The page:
June 1st, 2013 – A little known cap on Flex Spending Accounts (FSA’s) is expected to impact older and chronically ill individuals the most. Under the Affordable Care Act, commonly known as ObamaCare, there is a new $2,500 annual cap on individual FSA contributions.
Flex Spending Accounts are part of some companies’ employee benefits package. Contributions are made on a pre-tax basis directly from employees’ paychecks and are not subject to federal income and payroll taxes. The money from FSA’s can then be used to pay for qualified medical expenses such as deductibles, co-insurance, co-payments, etc.
Before the Affordable Care Act, there were no limits for workers’ FSA contributions under federal tax law. Employers set their own annual FSA contribution limits, often at $5,000 or more.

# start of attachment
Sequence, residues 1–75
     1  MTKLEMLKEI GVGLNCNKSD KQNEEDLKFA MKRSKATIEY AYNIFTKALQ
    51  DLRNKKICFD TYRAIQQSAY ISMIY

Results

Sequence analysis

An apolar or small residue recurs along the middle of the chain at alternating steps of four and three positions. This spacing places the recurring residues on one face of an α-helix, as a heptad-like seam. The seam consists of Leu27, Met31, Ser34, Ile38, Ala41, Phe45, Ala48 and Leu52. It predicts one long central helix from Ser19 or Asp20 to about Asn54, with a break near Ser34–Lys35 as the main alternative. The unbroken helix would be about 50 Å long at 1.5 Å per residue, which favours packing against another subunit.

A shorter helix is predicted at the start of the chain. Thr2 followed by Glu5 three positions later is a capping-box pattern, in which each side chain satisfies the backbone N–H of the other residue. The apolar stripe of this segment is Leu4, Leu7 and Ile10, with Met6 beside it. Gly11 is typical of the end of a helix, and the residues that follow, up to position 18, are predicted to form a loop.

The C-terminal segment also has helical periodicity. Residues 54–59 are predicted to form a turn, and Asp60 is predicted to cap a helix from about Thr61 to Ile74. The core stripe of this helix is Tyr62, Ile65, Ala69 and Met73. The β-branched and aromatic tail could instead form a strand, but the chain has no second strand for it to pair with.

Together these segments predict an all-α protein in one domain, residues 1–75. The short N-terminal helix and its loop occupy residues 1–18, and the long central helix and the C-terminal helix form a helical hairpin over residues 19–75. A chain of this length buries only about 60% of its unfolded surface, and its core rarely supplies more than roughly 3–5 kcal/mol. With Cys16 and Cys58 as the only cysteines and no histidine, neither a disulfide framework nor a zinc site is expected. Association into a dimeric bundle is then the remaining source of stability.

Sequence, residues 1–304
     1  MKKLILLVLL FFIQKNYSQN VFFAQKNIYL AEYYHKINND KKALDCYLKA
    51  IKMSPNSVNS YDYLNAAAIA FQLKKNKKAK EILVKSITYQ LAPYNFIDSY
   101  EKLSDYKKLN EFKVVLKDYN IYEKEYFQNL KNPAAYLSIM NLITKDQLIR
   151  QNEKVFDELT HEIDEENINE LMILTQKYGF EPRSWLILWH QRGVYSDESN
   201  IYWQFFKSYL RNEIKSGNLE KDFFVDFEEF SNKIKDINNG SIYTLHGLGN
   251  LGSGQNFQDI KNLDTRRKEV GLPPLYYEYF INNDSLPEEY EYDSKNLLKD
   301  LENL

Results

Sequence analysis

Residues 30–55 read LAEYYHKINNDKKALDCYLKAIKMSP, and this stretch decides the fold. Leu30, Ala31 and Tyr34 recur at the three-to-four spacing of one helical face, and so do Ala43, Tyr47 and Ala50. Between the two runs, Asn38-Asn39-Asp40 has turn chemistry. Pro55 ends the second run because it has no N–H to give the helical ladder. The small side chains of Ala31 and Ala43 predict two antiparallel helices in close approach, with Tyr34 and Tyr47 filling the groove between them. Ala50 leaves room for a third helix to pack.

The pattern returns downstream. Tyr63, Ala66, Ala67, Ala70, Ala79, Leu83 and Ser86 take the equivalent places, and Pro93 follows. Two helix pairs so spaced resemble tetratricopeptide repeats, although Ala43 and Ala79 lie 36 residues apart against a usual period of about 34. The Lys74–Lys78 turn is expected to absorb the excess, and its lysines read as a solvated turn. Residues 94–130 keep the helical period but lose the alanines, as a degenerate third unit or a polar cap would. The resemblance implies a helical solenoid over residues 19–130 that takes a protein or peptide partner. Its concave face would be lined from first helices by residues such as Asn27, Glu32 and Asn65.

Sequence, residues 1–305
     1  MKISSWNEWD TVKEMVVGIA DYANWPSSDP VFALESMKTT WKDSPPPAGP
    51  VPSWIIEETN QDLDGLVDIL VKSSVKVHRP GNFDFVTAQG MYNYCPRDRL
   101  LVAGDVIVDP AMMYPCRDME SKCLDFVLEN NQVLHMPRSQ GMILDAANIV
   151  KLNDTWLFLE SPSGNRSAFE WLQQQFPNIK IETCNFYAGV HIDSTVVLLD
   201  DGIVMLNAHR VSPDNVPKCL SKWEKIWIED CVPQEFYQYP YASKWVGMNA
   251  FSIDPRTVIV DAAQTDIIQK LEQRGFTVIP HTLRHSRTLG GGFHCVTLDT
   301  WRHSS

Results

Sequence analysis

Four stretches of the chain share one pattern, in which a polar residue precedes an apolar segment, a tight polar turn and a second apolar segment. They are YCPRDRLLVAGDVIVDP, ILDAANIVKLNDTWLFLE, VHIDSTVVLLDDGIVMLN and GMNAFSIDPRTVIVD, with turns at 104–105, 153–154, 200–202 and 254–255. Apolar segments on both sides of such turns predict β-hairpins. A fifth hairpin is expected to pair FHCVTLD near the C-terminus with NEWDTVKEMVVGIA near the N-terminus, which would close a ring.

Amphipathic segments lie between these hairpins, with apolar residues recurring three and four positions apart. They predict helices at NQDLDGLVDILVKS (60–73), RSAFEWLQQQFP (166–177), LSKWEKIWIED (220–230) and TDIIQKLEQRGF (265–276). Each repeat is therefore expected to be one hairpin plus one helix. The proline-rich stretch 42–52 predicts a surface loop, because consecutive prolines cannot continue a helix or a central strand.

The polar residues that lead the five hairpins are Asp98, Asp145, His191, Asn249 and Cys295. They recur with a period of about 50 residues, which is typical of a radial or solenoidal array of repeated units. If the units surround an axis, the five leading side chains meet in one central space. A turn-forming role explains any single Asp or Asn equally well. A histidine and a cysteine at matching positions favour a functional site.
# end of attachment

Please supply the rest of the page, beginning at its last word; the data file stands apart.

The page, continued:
According to a new study, this will impact 35% of people with Flex Spending Accounts and nearly two-thirds of these households included individuals with three or more chronic health conditions.
Critics call this “an implicit “tax” on wage income that now won’t be diverted pretax into FSA’s is expected to raise $1.5 billion this year, and a total of $13 billion between 2013 and 2019, according to the Joint Committee on Taxation.”
It appears that there is quite a bit of support in Washington to remove this cap on FSA’s, but time will tell if they can break through the Washington gridlock and get the job done.